What David doesn't pray for is physical security. He knows that God has already given him that, verse 3, For you have been my refuge, a strong tower against the foeref. But for David that is not the most important thing.

What he does pray for is intimacy with God, verse 4, I long to dwell in your tent for ever and take refuge in the shelter of your wingsref.

That's a surprise, isn't it? We would expect David, on the run from Jerusalem, tired and hungry and thirsty, to pray: O God, I long to live in my palace again. I long to eat like the king again. I long for the comfort and pleasures of royalty. I long for the security of living in Jerusalem.

But David knew far better than to put his trust in material things. He has a much bigger aim in mind. He knows that intimacy with God is the key to security. Closeness is the goal. That's point 2: first he cries out to God, then he makes closeness his goal.

David longs to be back at the tabernacle, the tent which was housing God's sanctuary before the temple was built. It was the place where God's presence was most clearly made known. David knows that lasting security is found only in the shelter of the wings of God, as if he were a tiny chick nestling closely, warm and safe under the wing of the mother hen.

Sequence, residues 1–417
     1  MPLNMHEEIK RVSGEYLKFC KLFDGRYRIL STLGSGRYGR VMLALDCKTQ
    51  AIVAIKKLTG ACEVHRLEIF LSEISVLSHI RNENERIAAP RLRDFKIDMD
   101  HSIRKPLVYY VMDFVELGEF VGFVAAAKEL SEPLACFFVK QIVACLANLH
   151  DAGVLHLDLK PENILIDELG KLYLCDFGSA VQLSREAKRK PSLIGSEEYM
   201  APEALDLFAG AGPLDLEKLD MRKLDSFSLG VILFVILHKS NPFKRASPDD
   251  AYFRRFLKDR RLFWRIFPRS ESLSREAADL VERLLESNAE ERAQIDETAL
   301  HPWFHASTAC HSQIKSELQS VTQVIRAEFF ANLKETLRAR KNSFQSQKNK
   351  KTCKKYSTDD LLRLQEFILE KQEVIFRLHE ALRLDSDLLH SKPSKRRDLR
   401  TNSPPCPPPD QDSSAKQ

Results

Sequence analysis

This is the security David was seeking. Not the security of his wealth, or his palace, or his storehouses, or his armies. No, David knows that true security is to be found only in closeness to God. Calvin observes that David's "heart was set more upon the worship of God than all the wealth, splendour, and pleasures of royalty" .

Where do we look to find our security? So often we put our trust in our job, or in our savings, or in our house, or in our pension plan, or in a relationship, or in our family, or in our own skills and abilities. But we are fools to trust in these things: any of them could be taken away from us in an instant. Not one of them offers any true security at all.